The European Central Bank (ECB) will continue to bend its rules on the geographic allocation of emergency sovereign bond purchases, deviating from its capital key to support nations in financial distress.
“We raise the share of purchases above the capital key in countries facing severe risks of fragmentation,” said ECB governing council member Isabel Schnabel, addressing an online seminar hosted by the Florence School of Banking and Finance.
The ECB has faced questions over the allocation of its Pandemic Emergency Purchase Programme, or PEPP, with northern eurozone members opposed to heavy purchases of bonds issued by more fiscally challenged southern nations, such as Italy and Greece. Purchases under the ECB’s previous quantitative easing programmes have been allocated in accordance with the size of member states’ economies.
But the “flexibility” of the PEPP programme, across a range of financial assets, including commercial paper, has reduced interest rates across the bloc, said Schnable.
“ECB staff estimates show that the dispersion of the impact of PEPP on yields across the euro area countries was indeed substantial,” citing evidence that €500 billion in PEPP purchases packed twice the power as the same-sized investment under the Bank’s existing asset purchase programme.
ECB rate setters have publicly voiced concern over eurozone yield spreads after President Christine Lagarde told reporters in March that the central bank is “not here to close spreads”. Lagarde’s comments spurred a sharp selloff in Italian government bonds, eliciting a clarification from the then-new ECB leader.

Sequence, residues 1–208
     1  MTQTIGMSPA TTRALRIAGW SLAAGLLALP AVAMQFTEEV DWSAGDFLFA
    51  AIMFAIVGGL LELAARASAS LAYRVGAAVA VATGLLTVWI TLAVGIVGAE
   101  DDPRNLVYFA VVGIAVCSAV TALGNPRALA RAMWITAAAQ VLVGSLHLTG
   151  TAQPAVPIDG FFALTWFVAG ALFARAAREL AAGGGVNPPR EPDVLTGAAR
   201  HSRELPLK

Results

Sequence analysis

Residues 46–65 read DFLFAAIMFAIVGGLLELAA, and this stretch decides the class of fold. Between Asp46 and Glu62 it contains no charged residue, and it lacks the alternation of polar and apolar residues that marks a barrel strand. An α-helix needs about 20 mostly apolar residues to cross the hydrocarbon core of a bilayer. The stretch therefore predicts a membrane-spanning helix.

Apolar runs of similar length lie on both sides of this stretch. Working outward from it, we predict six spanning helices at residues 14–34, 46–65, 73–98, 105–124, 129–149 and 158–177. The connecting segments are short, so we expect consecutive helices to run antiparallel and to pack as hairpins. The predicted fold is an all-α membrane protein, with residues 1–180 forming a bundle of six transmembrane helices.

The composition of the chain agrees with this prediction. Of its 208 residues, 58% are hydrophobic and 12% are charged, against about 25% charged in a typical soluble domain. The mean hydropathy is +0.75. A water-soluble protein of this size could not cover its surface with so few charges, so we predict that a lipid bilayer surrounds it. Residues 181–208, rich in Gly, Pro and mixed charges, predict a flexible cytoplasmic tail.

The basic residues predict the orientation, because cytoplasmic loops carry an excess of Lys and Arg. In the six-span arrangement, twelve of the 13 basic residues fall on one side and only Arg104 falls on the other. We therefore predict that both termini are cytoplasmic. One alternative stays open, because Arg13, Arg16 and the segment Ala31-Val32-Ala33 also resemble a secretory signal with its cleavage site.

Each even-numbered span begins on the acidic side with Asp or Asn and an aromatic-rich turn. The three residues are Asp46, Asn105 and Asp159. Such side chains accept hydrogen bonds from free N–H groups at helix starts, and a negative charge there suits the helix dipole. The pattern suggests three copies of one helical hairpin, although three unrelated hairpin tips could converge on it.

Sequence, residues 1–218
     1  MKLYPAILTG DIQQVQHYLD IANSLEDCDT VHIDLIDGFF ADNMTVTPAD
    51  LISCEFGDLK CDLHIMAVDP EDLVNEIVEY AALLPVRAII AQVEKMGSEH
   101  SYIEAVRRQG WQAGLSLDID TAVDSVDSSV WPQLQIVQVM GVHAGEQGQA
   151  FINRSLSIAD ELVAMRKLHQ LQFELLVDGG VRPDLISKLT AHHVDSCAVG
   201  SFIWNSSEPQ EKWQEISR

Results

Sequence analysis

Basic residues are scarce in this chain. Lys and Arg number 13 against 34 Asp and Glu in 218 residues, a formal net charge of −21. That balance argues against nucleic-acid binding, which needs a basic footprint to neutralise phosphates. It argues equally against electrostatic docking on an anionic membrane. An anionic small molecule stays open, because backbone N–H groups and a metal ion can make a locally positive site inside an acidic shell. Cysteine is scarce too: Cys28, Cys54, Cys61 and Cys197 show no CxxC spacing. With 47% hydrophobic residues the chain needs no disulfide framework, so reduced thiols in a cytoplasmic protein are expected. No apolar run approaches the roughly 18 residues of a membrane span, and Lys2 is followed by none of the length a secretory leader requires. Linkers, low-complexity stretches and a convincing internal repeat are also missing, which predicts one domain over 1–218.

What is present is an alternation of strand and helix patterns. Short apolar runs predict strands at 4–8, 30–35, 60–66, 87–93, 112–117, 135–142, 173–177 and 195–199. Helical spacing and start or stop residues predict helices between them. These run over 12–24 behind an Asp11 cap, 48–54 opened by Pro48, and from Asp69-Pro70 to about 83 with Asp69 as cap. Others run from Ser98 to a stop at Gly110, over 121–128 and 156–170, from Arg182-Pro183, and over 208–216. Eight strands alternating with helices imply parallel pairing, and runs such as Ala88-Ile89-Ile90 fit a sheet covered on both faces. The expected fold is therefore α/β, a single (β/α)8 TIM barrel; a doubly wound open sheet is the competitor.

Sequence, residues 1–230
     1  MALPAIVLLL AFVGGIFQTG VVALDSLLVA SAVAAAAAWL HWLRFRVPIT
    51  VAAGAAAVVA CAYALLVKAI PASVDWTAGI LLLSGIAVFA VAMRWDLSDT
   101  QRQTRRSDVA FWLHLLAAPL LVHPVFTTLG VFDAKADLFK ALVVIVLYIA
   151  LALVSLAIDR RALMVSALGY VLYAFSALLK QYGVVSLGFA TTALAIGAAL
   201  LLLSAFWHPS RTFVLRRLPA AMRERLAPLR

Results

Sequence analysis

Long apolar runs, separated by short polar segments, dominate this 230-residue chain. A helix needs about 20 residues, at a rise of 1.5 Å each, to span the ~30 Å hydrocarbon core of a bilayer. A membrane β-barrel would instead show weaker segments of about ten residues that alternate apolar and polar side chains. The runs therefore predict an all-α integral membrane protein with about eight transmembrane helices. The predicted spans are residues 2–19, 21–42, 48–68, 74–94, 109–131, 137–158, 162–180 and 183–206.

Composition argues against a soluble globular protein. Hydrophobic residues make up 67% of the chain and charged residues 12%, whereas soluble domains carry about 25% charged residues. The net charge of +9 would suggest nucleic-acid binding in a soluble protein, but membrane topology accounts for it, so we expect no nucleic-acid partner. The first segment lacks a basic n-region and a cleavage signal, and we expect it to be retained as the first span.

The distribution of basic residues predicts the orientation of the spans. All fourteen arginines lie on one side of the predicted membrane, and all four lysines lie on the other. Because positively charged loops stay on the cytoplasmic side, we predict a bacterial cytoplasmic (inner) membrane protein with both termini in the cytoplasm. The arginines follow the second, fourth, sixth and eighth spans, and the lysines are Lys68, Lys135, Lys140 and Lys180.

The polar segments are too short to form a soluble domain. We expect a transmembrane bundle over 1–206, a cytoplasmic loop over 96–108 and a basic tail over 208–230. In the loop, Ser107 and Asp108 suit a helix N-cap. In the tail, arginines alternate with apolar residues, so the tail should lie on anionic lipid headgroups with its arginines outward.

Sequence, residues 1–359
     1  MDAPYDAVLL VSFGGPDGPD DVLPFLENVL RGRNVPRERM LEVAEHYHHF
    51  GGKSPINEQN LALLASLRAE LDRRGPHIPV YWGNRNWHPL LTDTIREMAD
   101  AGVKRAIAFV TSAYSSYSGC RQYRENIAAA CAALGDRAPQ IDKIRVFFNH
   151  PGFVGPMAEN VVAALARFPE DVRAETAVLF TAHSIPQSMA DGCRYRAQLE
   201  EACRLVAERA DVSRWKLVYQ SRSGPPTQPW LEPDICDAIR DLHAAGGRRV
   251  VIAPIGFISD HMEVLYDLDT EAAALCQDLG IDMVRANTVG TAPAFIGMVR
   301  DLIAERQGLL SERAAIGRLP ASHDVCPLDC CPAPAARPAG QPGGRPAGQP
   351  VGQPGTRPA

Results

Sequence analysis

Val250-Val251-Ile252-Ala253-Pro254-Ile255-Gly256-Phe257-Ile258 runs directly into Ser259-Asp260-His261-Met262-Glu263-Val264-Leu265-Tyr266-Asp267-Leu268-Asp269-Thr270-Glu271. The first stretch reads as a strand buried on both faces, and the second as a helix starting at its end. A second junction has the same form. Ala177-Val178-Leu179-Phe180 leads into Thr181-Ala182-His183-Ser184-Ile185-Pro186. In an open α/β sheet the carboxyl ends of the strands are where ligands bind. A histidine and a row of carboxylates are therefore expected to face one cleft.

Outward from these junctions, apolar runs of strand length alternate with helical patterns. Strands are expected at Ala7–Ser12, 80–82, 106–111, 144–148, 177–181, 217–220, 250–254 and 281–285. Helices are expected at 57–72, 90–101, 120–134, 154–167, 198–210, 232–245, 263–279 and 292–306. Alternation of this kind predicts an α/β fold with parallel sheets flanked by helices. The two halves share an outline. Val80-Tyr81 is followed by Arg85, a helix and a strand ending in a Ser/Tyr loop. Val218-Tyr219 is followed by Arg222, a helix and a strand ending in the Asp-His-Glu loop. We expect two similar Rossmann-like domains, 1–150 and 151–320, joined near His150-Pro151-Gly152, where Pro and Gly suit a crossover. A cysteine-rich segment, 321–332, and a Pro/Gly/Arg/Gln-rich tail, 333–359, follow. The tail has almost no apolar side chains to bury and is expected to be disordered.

Analysts believe the €1.35 trillion PEPP programme – due to run for at least another 12 months – could be exhausted by February, suggest further increases in months to come, particularly with the ECB lukewarm about the eurozone’s prospects for recovery. Under the ECB’s baseline scenario, growth will contract by 8.7% in 2020, and even a less-severe recession will not return the eurozone economy to its previous growth trajectory by the end of 2020, said Schnabel.
The governing council member also stressed the pandemic could leave permanent scars on the eurozone economy. Many industry sectors will fail to return to their previous size, and unfinished structural reforms in many eurozone nations could prevent the necessary “reallocation of capital and labour” to maximise growth, she said, adding that small business failures “could amplify trends in economic concentration that we have already observed prior to the crisis, particularly in the United States”.